There’s Royal Tenenbaum, for starters, whose utter lack of sensitivity toward humanity is not just impulse, but philosophy. “It’s about puttin’ a brick through the other guy’s windshield. It’s about takin’ it out and choppin’ it up,” he opines in one of many scenes in which he plays the grandfatherly sage only to subvert it. “There are no teams,” he explains to the son he just shot with a BB gun, and most of the film’s comedic content relies on this principle. It’s similar in this sense to Charlie Chaplin’s The Fatal Mallet, of which one reviewer wrote in 1914: “This one-reeler proves that hitting people over the head with bricks and mallets can sometimes be made amusing.” Both are kinds of slapstick, and at the heart of both are bricks and mallets, cruelty and isolation. To be crass and remote is apparently sometimes hysterical, but it’s still — as Royal Tenenbaum proves in much of this film — crass and remote.

Not all of the characters in this film exemplify the exact same principle in the exact same way, but when it comes to a lack of understanding of the people they are closest to, it seems even the sweetest, most well-intentioned characters are not exempt. Take, for example, the film’s great romance between Etheline Tenenbaum and her accountant Henry Sherman, or the only marriage in the film to survive the opening credits: that of Margot Tenenbaum and Raleigh St. Clair. The lack of communication between these lovesick parties is present in absurdly large amounts. There is at least a tenderness between Etheline Tenenbaum and Henry Sherman, but it’s juxtaposed with a comic lack of understanding that threatens to overshadow it. For instance, Henry adds a marriage proposal to a comment about a tax issue to his friend and business partner, and upon seeing an Etheline befuddled, he adds, “You know I love you. Don’t you?” Of course she answers “no,” and, flattered and embarrassed, asks for time to think about his proposal. When she finally answers “yes” later on in the film, she announces that she hasn’t had sex in 18 years, which is in Henry’s mind his cue to initiate what is quite possibly the most awkward onscreen kiss in cinematic history. Sort of an anti-Rhett and Scarlett, they press smiles together like two nervous teenagers imitating what they saw last week on Felicity but never really understood. They are two people with an idea of intimacy, but no idea how to make it work in reality.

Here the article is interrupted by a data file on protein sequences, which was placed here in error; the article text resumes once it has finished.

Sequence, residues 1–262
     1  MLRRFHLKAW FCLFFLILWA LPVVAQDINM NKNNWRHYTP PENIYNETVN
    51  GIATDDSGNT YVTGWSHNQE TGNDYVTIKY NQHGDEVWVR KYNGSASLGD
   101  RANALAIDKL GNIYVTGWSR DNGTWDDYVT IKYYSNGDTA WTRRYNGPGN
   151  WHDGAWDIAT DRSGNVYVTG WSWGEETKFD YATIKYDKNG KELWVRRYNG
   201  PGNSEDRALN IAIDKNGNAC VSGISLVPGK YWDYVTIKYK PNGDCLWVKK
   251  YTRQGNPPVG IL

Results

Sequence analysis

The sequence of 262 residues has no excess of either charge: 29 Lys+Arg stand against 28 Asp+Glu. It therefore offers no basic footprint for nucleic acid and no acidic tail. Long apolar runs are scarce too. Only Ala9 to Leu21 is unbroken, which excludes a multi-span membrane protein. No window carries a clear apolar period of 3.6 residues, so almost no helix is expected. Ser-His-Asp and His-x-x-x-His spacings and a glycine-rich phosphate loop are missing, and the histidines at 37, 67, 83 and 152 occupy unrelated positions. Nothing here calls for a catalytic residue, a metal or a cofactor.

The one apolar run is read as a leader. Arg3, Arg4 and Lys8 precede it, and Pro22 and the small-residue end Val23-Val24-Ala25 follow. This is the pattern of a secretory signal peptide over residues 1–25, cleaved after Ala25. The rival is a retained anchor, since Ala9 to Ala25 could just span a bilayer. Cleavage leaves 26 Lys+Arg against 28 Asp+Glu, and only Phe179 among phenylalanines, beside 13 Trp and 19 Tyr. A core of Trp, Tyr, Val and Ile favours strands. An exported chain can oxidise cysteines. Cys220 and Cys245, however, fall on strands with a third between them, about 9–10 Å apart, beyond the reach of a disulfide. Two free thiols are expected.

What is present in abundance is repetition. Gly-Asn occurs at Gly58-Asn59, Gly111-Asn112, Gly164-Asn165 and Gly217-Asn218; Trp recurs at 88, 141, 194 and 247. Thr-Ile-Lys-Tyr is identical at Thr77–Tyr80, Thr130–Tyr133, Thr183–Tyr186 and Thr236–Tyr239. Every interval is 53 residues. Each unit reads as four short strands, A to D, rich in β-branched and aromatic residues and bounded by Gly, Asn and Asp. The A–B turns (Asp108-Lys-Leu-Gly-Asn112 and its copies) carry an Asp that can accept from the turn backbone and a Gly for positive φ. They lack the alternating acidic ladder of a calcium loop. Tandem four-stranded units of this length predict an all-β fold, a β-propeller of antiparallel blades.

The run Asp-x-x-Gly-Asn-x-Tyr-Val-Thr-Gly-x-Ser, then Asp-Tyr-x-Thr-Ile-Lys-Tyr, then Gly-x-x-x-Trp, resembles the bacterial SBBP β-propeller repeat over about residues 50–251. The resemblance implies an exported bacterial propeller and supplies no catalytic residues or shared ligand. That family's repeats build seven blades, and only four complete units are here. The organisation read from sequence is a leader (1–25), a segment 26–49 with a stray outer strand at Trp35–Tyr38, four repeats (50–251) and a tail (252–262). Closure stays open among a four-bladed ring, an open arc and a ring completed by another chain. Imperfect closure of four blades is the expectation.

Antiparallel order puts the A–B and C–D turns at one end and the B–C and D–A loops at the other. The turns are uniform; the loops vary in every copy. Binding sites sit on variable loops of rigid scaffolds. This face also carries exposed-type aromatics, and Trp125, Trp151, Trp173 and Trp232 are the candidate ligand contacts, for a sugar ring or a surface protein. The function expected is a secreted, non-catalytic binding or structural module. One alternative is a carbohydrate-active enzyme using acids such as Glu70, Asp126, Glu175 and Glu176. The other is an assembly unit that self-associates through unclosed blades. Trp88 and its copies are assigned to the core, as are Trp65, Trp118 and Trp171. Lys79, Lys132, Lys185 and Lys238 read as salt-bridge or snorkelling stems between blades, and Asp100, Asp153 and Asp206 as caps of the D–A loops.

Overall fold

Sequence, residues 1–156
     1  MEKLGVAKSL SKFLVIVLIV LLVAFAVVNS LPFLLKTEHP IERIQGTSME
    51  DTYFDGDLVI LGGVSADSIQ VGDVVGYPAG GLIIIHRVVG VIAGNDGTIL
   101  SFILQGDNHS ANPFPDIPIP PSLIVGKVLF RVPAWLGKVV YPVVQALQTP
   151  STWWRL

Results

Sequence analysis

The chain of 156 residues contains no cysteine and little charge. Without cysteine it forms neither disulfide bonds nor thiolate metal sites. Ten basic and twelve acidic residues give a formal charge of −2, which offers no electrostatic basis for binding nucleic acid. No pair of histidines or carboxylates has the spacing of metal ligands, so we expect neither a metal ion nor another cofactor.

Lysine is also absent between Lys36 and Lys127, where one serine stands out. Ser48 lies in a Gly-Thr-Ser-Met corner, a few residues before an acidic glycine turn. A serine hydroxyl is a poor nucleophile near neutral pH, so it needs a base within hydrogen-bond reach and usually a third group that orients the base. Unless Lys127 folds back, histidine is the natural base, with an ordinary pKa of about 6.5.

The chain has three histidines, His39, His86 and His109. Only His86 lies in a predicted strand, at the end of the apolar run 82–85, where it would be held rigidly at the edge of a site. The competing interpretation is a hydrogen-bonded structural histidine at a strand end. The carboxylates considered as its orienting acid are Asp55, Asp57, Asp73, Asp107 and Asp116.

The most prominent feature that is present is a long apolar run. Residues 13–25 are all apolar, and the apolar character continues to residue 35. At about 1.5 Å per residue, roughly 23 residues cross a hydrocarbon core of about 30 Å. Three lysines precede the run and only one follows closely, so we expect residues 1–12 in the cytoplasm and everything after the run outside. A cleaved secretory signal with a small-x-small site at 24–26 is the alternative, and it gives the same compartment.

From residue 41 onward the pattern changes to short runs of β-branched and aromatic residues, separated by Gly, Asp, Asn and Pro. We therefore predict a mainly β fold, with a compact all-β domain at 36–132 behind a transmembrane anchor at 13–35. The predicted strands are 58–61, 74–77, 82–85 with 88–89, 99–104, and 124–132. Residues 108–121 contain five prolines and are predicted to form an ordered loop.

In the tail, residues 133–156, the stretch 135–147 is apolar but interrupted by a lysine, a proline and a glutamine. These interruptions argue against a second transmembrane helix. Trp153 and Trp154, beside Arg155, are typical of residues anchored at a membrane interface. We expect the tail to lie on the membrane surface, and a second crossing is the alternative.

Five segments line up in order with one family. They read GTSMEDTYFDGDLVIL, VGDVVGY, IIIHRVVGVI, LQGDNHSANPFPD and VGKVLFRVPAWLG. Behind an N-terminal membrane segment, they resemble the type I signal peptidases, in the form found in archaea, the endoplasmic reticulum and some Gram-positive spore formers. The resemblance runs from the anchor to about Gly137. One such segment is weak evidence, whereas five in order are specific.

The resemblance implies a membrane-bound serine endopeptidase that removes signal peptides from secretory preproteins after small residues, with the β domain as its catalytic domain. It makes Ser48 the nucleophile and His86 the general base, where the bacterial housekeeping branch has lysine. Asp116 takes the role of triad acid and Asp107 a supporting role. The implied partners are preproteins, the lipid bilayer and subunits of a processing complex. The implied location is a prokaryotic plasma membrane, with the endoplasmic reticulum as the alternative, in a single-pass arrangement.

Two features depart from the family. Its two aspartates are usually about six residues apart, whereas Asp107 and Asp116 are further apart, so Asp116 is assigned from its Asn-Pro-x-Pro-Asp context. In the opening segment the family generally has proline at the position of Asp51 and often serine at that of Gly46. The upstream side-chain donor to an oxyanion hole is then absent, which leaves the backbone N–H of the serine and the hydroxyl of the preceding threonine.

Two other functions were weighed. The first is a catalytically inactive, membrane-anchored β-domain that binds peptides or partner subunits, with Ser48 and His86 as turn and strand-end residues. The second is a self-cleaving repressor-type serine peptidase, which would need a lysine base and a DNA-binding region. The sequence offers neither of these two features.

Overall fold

The couple that’s actually married in the film is separated emotionally and physically by a bathroom door. With the help of a very reliable lock, Margot Tenenbaum is able to keep almost everything about her personality from her husband and family, including a decades-old smoking habit, a nine-day former marriage and years and years of meaningless affairs. St. Clair is of course clueless, insisting on addressing her in the most familiar and affectionate terms, which only serves to emphasize the emotional distance between them. Their relationship is, at best, non-existent, and makes Royal Tenenbaum’s profession of ignorance resound.